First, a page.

Tuesday, May 26, 2009

Prop. 8 upheld by Ca Supreme Court

As many of us expected the CA Supreme Court upheld Prpp 8 while also allowing the gay couples that were married last year to remain married. Of course this is less of an ending than it is one moment in a longer narrative, so while disappointed I remain hopeful, and committed to the project of interfaith dialogue, and of working towards understanding in the Mormon community and the broader community. Below are some thoughts towards a progressive Mormon response to the decision:

1) As a Mormon I believe the emotional and spiritual growth, the life experience, the nurturing and acceptance we experience as members of strong, loving families is joyous, necessary and an expression of God's hope for all of us. Yet we live in a society that values some families more than others. I reject the idea that families with same-sex partners are any less vital, any less loving, any less able to nurture their members, any less deserving of recognition or protection than heterosexual families.

2) As a Mormon I am moved by the recognition that both the Mormon and gay communities have experienced the agony of misunderstanding, marginalization, violence, and persecution. Communities that share the pain of common histories and status as "outsiders" have a unique opportunity to come together; to empathize with each other, and to heal one another; to work together for the advancement of inclusive communities, and for the defeat of prejudice for the benefit of us all.

3) As a Mormon, I am lead by the essential Christian idea that the great commandment consists of a full commitment to God and to loving my neighbor as myself. This is not merely a feel-good truism; it establishes the very foundation of Christian ethics that call us into relationship with God and those who are different from ourselves. The way we listen to, engage with, and treat those who are radically different from us is a true test of our commitment to Christ. It's not enough that we be "tolerant" while living in judgment of and isolation from one another. Christian ethics insists that we allow our lives to be intertwined with the lives of those around us, even those who are radically different.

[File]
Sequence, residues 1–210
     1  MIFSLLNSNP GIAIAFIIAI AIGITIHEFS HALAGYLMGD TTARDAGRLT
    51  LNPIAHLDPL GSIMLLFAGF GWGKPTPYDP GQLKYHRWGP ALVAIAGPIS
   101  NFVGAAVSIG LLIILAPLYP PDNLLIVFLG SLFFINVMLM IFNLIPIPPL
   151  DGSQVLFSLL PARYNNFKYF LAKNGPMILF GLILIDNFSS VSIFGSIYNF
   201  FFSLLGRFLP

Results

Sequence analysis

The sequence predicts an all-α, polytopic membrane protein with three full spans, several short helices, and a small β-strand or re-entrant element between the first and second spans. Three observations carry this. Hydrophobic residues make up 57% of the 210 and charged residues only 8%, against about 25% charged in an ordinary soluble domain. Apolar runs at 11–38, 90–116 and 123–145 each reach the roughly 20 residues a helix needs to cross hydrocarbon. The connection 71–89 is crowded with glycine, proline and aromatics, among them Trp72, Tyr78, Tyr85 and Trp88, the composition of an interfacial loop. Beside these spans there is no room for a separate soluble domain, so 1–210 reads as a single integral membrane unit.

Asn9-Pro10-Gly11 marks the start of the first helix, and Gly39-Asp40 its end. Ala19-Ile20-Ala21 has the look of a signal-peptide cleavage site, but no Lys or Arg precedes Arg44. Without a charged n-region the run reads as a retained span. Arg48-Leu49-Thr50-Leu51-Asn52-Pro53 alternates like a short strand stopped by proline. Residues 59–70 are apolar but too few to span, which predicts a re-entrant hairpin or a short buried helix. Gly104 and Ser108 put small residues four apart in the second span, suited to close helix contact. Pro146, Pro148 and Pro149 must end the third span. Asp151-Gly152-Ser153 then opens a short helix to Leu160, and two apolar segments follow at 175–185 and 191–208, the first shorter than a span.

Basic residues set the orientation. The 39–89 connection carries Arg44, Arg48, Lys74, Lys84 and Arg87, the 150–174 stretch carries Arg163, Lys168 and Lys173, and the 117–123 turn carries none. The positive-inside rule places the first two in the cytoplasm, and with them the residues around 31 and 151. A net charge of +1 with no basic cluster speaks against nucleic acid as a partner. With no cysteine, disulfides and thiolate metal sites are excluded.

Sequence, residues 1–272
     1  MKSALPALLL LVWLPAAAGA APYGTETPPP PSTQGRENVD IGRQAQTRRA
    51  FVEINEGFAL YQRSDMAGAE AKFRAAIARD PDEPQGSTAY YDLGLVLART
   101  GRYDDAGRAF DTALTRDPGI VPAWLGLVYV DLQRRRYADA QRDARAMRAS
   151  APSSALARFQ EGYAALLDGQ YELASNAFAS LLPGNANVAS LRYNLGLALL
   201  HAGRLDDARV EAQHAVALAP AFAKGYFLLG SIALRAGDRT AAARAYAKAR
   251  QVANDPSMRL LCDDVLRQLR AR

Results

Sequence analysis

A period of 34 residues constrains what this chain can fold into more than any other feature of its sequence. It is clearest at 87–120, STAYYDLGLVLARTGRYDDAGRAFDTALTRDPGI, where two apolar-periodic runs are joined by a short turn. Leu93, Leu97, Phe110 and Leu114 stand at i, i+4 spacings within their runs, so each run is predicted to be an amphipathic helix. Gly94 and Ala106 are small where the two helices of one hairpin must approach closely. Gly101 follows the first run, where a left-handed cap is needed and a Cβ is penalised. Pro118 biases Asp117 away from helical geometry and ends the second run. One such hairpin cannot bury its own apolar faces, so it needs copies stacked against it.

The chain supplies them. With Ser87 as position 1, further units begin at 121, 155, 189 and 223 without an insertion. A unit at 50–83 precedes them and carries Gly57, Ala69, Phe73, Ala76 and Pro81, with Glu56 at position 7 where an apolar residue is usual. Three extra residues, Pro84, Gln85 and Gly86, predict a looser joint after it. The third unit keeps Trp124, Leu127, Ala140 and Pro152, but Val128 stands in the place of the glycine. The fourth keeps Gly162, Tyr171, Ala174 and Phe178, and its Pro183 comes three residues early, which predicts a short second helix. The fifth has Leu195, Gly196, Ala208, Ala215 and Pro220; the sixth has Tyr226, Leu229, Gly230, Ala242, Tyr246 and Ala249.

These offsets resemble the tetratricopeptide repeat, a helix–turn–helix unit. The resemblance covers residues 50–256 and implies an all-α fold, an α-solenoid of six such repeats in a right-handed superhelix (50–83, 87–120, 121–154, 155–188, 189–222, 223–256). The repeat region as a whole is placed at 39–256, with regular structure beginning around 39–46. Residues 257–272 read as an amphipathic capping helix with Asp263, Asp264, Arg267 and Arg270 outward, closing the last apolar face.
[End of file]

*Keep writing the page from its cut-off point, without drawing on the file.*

4) As a Mormon I see ethical dialogue as a way forward in difficult times. This is dialogue that originates from our commitment to community ethics and from a desire for mutual understanding. This is dialogue that seeks to include, to listen, and to guide us in doing our best for those around us. The Mormon community does not benefit when people respond to us based on stereotypes and fear. Nor does it benefit us to respond to other communities in such a way. Fear is never a legitimate basis of action. Dialogue is a tool for putting aside fear and building ethical and democratic communities.

In the short term I know there is a great deal of work to do. As one person I commit myself to dialogue, to community building and to resisting those voices that encourage us to fear one another. The lives and relationships of gay people embody the same dignity, love, respect, understanding, nurturing, and spiritual potential as those of straight people. I acknowledge this and hope that others will too.


  1. I agree...it was a sad day when they upheld this...wasn't surprised though. I am still waiting for people to address the disintegration of the family rather than focus on denying the right to marry.

  2. Yea, I agree. Addressing the real causes of trouble in marriage relationships is an important task that is being side lined. Rather than blaming satan or gay people for the problems in heterosexual marriages I wonder if we shouldn't be addressing what it is we are teaching ourselves and our kids about being in relationships, their purposes and challenges, etc. . .